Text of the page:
Start growing more food before it’s too late

What is Hawaii’s very best kept secret? No one is telling us that our million people will be starving by 2050 if we aren’t growing all of our food locally by then. That’s a fact.

While our attention is focused on problems of the world today, we really need to focus on the world’s population explosion and the devastating effect it will soon begin having on Hawaii.

The world’s population took two and a half million years to reach two billion people in 1940. Forty years later, that two had doubled to four billion people. Now 40 years later that four has almost doubled again. As U.S. Secretary of Agriculture, Sonny Perdue: “Today, we need to feed some seven billion people (worldwide). By the year 2050, that population will swell to 9.5 billion. To put the demand for food into perspective, we are going to have to double our (worldwide) production between now and 2050.” That is, “we will have to produce more food in the next 30 years than has been produced in the last 8,000 years combined.”

That’s a pretty big order. Too big. The United Nations predicts that by 2050, we will have 371 million people with insufficient food. That’s more people than the entire population of the United States.

But mainland America will provide for us, right? Wrong. America is struggling. In the 1990s, it went from a large exporter of food to a net importer today. America also has the world’s seventh-fastest growing population.

Each year, America uses more water to grow more food. All three of America’s largest aquifers are being depleted beyond possible replenishing. The Ogallala Aquifer which runs under our entire central bread basket — from North Dakota to Texas — dropped another foot last year alone. It has lost 60 percent of its water in 60 years. Do the math. In 40 years, it will be dry. America won’t be able to take care of mainlanders, let alone take care of us.

Much of the world is in far worse shape. No one is pointing out that almost every current war in the world is about food for starving people.

Clearly, by mid-century there will be little food anywhere for Hawaii to import, and what is available will be too costly for us to afford. Today Hawaii imports roughly 90 percent of our food.

But our need to produce that 90 percent of our food locally in just thirty years, drastically understates the far greater problem we really face. Our State DBEDT recently stated that by 2045 our 1.1 million people will grow to 1.65 million. For every two mouths to feed today, there will be three.

Since we grow 10 percent of our food today, we have thought that we need to produce 9 times that by 2050. But with the new DBEDT population projection, in just 25 years we must produce 15 times what we grow now—an absolutely gargantuan task.

If we don’t create a true agricultural revolution NOW, by mid-century, hundreds of thousands of us and our descendants will be emaciated, desperately hungry, and warring among ourselves for food, with death everywhere.

We must wake up and start moving, refocusing our society, re-casting our goals. Food production must become our fastest growing industry. We need an explosion of farming. And it must start now.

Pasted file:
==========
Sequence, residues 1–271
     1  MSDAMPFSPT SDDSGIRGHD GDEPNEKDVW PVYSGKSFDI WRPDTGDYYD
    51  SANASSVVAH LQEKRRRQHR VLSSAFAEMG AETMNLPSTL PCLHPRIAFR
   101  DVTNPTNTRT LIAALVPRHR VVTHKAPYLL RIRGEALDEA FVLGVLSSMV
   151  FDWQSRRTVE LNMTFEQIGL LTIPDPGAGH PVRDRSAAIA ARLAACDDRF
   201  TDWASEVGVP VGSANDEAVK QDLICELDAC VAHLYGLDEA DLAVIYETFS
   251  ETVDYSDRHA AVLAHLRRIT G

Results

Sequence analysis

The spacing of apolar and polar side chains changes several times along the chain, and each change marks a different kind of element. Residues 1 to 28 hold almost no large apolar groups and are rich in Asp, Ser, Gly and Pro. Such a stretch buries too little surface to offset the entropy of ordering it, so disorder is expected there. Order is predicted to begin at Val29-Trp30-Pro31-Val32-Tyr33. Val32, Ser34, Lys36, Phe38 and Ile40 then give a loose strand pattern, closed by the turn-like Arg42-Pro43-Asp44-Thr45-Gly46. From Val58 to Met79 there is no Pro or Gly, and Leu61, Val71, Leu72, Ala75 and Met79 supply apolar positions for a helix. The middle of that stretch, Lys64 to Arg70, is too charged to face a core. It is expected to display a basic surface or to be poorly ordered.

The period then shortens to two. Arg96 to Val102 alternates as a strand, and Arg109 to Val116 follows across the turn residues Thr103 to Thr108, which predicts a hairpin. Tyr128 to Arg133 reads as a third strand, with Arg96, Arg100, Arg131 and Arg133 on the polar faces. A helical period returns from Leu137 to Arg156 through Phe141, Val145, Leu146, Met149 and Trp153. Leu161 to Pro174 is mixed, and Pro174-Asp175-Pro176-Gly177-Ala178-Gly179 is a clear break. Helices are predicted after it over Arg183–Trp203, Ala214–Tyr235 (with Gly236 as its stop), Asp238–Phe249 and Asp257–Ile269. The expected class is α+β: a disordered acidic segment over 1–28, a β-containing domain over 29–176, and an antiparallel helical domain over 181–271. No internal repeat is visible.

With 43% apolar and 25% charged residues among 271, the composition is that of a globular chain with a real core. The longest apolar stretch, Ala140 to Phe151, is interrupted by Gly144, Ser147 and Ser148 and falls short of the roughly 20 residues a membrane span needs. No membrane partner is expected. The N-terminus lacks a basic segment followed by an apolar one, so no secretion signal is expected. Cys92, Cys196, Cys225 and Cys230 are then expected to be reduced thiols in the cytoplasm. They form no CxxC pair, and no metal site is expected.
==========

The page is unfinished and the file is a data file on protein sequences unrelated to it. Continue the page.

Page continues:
What do we need to do? Everything. We need a major push to attract young people to farming, and to greatly expand high school and college programs to train them. We need to open up former sugar and pineapple lands for new farmers. We need to stop all housing development on currently active farmland. We need cattle ranches, dairies, piggeries, and chicken farms. And we need to raise the various foods for all those animals. We need farm equipment stores, and food processing plants. There is good money in farming, and good money in all these businesses.

We can starve, or we can have a great future. Let the revolution begin!

More information, and documentation these facts, can be found at


Dr. Kioni Dudley is a retired educator who lives in Makakilo.

  1. manawai July 21, 2018 7:33 am Reply

    Dr. Kioni Dudley said: “What is Hawaii’s very best kept secret? No one is telling us that our million people will be starving by 2050 if we aren’t growing all of our food locally by then. That’s a fact.”

    Of course, the so-called “Dr.” doesn’t site where and by whom this has been established as a “fact”.

    He said, “America is struggling. In the 1990s, it went from a large exporter of food to a net importer today.”

    This is the problem when someone who has never been in business or farmed, makes claims on subjects about which they have absolutely no clue. Did it ever occur to you, “Dr.”, that we import so much food because lower cost countries can produce it cheaper and we CHOOSE to import those foods. Not because we can’t grow it ourselves. But “Dr.” people choose to buy food at Costco to a far greater extent than farmers markets.

    He said, “We need to open up former sugar and pineapple lands for new farmers.”

    So, condemn all private farm land? Where do we get the money for that? Money trees?

    He said, “We need cattle ranches, dairies, piggeries, and chicken farms.”

    Guess you’re then a big fan of the Dairy at Maha’ulepu.

    He said, “There is good money in farming….”